IDEAS: Chris Yong argues that the secondary market should be a free market while 30-year leaseholds should be introduced
Just when I thought we are living in a blessed environment of low inflation, I was jolted from my senses when I read about the “Homeless Generation?” brouhaha (NST RED Aug 24) about the majority of lower and middle income earners that do not have access to affordable housing due to high prices. Wait! Low inflation and high housing prices! An oddity, isn’t it?
Anyway, price controls are government restrictions on the prices that can be charged for goods and services in the market. The intent behind these implementations is the desire to maintain the affordability of staple food and goods, to prevent price gouging during shortages and to slow inflation. Housing can be a serious social issue: when prices are too high and citizens are excluded from owning decent homes, it can cause social discontentment. That’s why most governments in the world have schemes to alleviate this problem.
Be that as it may, in the case of Malaysia, this phenomenon of price surge is not a nationwide problem. For those properties outside of Klang Valley and Penang, the market remains fairly humdrum. Some of the prices have remained stagnant for many years.
However, the picture is different in certain areas like Petaling Jaya, Bangsar, Taman Tun Dr Ismail, Subang Jaya etc. There, property prices of landed property and condominiums are experiencing an increase of 80–100 per cent over the last two years. Some of the house prices in the range of RM300,000 to RM500,000 have shot up to RM600,000 to RM1 million plus which have effectively priced out many lower/medium income earners, who find them unaffordable.
Because of these high prices, some quarters have made several suggestions to the Government to lower the prices. The Government also invites suggestions to solve the high price housing problem. Among the most common proposals is to build affordable housing.
When we talk about building affordable houses, we must talk in the context of location. There is no point building ‘affordable’ houses in, say, non-choice locations like Bukit Beruntung, Nilai, Tanjung Malim etc where there is no or little demand. Also, if you want to control the price of housing ranging from RM150,000 to RM300,000 in choice areas, the land cost has got to be relatively ‘cheaper’.
In the private sector, it’s tough to get ‘affordable housing’ land. However, the state can assist by alienating land to those designated builders. It is much cheaper to pay alienation premium than current market price of the land. There is no way you can have price control of the product when the land prices are high unless the Government provides subsidies.
Price spike within short period is not healthy: The proposals are commendable initiatives although I have different views with respect to some of them.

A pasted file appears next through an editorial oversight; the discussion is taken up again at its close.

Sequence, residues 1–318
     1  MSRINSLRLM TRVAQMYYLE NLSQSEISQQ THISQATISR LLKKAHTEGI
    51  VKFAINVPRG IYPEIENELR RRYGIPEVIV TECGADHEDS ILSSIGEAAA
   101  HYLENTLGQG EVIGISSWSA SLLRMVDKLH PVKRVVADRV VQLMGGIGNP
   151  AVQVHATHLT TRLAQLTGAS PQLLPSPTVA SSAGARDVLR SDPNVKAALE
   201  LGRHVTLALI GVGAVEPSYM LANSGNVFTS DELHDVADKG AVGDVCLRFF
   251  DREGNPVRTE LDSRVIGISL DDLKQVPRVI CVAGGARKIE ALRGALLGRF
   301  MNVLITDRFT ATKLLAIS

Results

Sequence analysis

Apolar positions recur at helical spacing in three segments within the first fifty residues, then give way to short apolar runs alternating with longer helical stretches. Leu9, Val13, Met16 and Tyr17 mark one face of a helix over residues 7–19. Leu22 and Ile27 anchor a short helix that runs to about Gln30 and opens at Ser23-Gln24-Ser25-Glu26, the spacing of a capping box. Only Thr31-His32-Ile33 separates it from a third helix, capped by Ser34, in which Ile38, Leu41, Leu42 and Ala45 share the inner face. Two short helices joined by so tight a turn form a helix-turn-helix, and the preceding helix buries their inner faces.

In particular, the proposal to restrict ‘affordable home’ owners from selling their homes within 10 years of purchase in the open market except to their next of kin or to the Government.
SPNB (Syarikat Perumahan Negara Berhad) even reportedly proposed that the property should be sold back to the Government after 10 years. Not surprisingly, there is a lot of debate on this.
In my opinion, for those who suggest these restrictions, I think they miss the point. The point is, why should we or the authority begrudge owners who own appreciating assets? Would any of you like to buy a property whose price stays depressed or stagnant until you retire?
There is nothing wrong with wealth creation through rising value. On the contrary, can you imagine a situation of wealth destruction through decreasing property prices? I think the result will be disastrous to both the economy and the banking system. As a result, I think price control at the primary market is okay for ‘affordable housing schemes’ but the secondary market should be a free market. Bear in mind, gradual capital appreciation of property of, say, 10–15 per cent per annum is healthy but price spike within a short period is not. We need to differentiate between these two.
To recap, while our priority and concern should be to ensure that ‘affordable housing schemes’ cater for the right group of people, we should not focus too much attention on the property owners’ action in the re-sell market.
The 30-year leasehold dwellings: If the authorities are still interested in capping prices of property, how about considering a shorter leasehold period, say a 30-year leasehold? I guarantee you that this type of property will be non-speculative and non-appreciative. Simply because of its short lease, nobody in their right mind would want to speculate and drive up the price of these properties. Furthermore, at the end of the 30-year period, they would need to pay a renewal premium.
Price-wise, it will be attractive — going by proportioning, the prices can be one-third compared to a similar 99-year leasehold property. That is definitely cheaper. Do you think the market will accept this product? I don’t know.
Finally, talking about measures, I think the most challenging part is to identify the causes of the price surge and applying the right measures. Already, there are two measures implemented by Bank Negara to curb high prices since early this year. Have the two measures affected property prices significantly? Well, if you ask me, the number of transactions has decreased but I am not sure about the prices coming down from the highs. I have not seen the evidence yet but maybe time will tell.
Chris Yong is principal of Rochester Properties